The message continued: "Net neutrality is more important than the defense of the United States. Net neutrality is more important than free speech. Net neutrality is more important than health care. Net neutrality is literally the basis of the new society. That even if you don't understand, how important it is, net neutrality is literally the basis of the new ... free ... society. So if you don't support it, I am willing to lay down my li-." The recording ended before the caller could finish the statement. 

After the threatening message was received, court documents indicate that the U.S. Capitol Police increased security for Katko while he was in Washington. FBI agents coordinated with the New York State Police, Onondaga County Sheriff's Office, Syracuse Police Department and Camillus Police Department to provide security for the congressman's appearances in central New York.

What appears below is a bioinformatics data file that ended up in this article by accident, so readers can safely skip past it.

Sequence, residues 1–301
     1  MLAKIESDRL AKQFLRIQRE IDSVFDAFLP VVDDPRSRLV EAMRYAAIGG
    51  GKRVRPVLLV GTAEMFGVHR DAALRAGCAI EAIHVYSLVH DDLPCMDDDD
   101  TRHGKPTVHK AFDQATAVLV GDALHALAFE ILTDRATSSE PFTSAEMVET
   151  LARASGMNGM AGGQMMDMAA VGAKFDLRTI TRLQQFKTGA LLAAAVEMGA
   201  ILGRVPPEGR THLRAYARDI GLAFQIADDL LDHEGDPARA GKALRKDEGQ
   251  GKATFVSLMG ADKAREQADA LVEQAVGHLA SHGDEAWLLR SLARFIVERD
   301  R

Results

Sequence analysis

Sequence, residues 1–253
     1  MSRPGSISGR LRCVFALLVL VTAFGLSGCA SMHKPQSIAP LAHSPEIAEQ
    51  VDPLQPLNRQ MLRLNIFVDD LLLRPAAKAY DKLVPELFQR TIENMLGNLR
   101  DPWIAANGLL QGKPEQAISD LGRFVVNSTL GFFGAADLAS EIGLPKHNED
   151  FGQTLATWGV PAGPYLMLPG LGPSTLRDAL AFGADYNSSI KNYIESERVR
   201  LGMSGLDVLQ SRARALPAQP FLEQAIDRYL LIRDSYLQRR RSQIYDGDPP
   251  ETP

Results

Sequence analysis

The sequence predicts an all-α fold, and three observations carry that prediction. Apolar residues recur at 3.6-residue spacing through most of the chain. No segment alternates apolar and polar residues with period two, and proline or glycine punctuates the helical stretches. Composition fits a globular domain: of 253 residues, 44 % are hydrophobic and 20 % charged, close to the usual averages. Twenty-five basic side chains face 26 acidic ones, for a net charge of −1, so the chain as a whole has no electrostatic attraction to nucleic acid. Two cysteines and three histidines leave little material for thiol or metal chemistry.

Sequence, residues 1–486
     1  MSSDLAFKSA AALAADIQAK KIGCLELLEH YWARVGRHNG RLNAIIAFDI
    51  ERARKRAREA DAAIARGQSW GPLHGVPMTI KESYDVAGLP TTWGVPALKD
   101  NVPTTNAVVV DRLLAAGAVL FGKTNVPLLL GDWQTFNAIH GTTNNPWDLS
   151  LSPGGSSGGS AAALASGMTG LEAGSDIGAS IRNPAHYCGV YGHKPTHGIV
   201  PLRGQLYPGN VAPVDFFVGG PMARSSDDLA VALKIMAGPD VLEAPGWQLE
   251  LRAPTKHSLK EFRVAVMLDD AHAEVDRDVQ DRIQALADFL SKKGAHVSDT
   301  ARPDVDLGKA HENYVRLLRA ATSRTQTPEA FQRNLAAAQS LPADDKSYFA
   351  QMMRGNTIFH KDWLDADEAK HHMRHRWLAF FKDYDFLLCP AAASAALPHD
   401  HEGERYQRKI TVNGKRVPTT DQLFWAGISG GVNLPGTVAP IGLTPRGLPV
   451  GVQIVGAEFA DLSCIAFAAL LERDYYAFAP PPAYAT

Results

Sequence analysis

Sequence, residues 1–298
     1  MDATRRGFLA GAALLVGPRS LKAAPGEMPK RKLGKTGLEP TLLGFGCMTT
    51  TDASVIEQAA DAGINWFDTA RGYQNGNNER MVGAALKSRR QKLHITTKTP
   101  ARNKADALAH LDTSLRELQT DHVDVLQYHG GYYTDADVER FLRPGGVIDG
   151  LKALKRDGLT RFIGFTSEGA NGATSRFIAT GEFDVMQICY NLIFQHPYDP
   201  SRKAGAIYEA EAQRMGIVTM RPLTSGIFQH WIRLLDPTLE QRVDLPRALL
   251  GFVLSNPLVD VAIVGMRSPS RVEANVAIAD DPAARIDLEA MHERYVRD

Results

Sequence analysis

"All threats are reported to the U.S. Capitol Police in order to ensure the safety of Rep. Katko, his family and staff," said Erin O'Connor, Katko's spokesperson. "The congressman and his family appreciate the diligent work of our local, state and federal law enforcement in monitoring these threats and taking appropriate action." 

Angelo appeared in federal court Wednesday afternoon. He is being held at an undisclosed site pending a detention hearing at 2 p.m. Friday. 

The case is being prosecuted by the U.S. attorney's office for the Western District of New York. While the criminal complaint was initially filed in the Northern District of New York, which covers the Syracuse area, the case was moved because of Katko's past ties to the U.S. attorney's office in Syracuse.

Katko is a former federal prosecutor. Before being elected to Congress, he was an assistant U.S. attorney in the Northern District of New York. 

The threat against Katko has received additional attention because of the caller's net neutrality position. The Federal Communications Commission will vote Dec. 14 on a proposal to repeal the net neutrality rules that were established by the agency during the Obama administration. 

FCC Chairman Ajit Pai released a statement Thursday condemning the threat against Katko.